Despite the problems Sensurround was here to stay for the time being. The next film to feature this was the 1976 war movie “Midway,” which featured an all-star cast including Charlton Heston, Henry Fonda, James Coburn, Glenn Ford, Robert Mitchum, Cliff Robertson and Robert Wagner. Oddly, the Sensurround process was used every time the engines of a plane were heard on screen. The process seemed more of a distraction this time but it didn’t prevent “Midway” from being a hit. This time, however, certain theaters that weren’t equipped to install the Sensurround speakers were allowed to play the film with normal sound and it appeared to make no difference.
In 1977 Sensurround came back for the summer thriller “Rollercoaster,” about a madman who sabotages amusement park rollercoasters and the civil inspector trying to stop him. George Segal, Richard Widmark, Timothy Bottoms and Henry Fonda starred in this mildly entertaining thriller that was a mild success at the box office but was caught up in a summer that had two blockbusters in “Star Wars” and “Smokey and the Bandit.” The Sensurround (heard every time a rollercoaster rumbled by) was almost as effective as it was in “Earthquake” but problems arose as most theaters playing the film were multiplexes and owners had to, again, deal with complaints from patrons of other movies in the building.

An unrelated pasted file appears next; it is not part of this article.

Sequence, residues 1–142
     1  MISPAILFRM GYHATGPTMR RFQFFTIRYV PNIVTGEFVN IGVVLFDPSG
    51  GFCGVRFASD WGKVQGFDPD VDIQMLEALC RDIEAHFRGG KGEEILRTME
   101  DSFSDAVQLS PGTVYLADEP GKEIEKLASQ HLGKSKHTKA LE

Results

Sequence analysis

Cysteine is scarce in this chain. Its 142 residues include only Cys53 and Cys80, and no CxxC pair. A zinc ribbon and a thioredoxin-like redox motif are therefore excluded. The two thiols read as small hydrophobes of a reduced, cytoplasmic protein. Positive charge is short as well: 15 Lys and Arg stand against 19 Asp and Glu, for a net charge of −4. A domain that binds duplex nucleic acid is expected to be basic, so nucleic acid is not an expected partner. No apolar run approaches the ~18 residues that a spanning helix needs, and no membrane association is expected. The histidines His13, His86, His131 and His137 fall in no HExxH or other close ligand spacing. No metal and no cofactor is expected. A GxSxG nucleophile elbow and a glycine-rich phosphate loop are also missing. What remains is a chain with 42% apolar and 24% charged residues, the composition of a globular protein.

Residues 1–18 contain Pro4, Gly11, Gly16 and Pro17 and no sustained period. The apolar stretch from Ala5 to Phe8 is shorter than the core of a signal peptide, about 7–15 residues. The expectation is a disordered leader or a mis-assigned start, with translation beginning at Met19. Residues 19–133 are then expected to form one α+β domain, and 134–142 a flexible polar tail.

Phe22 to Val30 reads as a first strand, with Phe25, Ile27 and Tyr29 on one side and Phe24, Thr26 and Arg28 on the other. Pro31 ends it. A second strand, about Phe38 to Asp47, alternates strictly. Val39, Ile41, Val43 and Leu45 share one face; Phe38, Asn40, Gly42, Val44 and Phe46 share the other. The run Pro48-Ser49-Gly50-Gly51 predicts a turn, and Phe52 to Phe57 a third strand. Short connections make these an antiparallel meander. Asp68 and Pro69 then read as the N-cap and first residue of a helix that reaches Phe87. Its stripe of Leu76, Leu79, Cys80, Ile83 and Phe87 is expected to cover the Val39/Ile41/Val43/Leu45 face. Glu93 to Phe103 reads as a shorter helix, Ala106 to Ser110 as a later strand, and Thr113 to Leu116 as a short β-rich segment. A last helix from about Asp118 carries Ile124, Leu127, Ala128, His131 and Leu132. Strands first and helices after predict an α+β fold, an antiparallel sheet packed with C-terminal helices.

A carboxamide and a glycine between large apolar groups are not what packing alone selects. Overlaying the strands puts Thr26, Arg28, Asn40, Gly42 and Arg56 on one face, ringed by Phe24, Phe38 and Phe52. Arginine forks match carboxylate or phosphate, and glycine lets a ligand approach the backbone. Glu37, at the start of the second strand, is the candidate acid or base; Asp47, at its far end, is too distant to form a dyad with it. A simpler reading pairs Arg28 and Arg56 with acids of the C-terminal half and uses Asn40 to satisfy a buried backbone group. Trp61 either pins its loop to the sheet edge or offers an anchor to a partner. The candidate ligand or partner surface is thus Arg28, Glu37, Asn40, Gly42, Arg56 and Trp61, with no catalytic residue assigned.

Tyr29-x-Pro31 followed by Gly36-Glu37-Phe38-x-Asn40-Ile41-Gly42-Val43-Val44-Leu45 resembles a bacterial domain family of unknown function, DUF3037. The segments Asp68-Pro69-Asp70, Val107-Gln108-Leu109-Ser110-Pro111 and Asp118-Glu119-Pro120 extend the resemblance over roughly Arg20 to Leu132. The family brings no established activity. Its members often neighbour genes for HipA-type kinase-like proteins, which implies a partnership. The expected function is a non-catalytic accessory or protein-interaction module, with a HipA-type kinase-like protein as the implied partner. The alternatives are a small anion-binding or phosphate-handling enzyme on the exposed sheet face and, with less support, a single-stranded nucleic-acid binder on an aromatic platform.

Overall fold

Sensurround made its final appearance in 1979 with the release of “Battlestar Galactica,” which was a mildly popular television show at the time. Producers took two episodes of the show (including the enormously popular premiere) and edited it together for a movie. Sensurround was added to try and persuade viewers whom had most likely already seen it on television to come to theaters. Sensurround was, oddly enough, used whenever the spaceships engines were heard in deep space (No explanation is given as to why sound is heard in deep space). The film was not a success, to no one’s surprise.
What happened to Sensurround? By 1979 almost all of the classic movie palaces were closing. Those that remained open were losing money and could not afford the weekly rental fees Universal charged just to have the speakers installed. And many of them were more then 40 or 50 years old and there was too much worry about the structure remaining intact. Smaller one-screen theaters, or “mom and pop” theaters, were not equipped to play movies in Sensurround. Multiplexes had become the rage and owners were not willing to disrupt as many as 5 other auditoriums for one movie.
It is highly unlikely we will hear from Sensurround again. Multiplexes now range anywhere from 14-30 screens and most of these theaters are so small they couldn’t play a Sensurround sound movie anyway.
Universal is ready and willing should the need ever arise for a Sensurround sound movie again. They reported to Premiere magazine a few years ago that all of the speakers are alive and well and sitting in a warehouse on the Universal lot in case they are called into action again.
Personally I am looking forward to seeing a horror movie with a nurse stationed in the lobby.